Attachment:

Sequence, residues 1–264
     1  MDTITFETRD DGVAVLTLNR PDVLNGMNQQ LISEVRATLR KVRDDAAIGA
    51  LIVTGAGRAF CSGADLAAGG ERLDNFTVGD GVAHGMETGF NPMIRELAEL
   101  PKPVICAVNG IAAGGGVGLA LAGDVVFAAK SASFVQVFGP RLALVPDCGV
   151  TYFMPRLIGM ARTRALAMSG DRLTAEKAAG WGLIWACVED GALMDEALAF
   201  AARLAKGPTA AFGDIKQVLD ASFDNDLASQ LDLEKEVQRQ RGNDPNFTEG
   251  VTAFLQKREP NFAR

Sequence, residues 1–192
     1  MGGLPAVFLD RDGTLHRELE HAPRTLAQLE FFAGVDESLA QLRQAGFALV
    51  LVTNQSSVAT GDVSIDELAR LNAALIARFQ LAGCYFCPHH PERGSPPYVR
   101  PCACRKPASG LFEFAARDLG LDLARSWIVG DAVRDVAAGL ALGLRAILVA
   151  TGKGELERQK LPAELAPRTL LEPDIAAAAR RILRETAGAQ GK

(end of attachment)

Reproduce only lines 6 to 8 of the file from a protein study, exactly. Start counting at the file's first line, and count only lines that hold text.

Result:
   201  AARLAKGPTA AFGDIKQVLD ASFDNDLASQ LDLEKEVQRQ RGNDPNFTEG
   251  VTAFLQKREP NFAR

Sequence, residues 1–192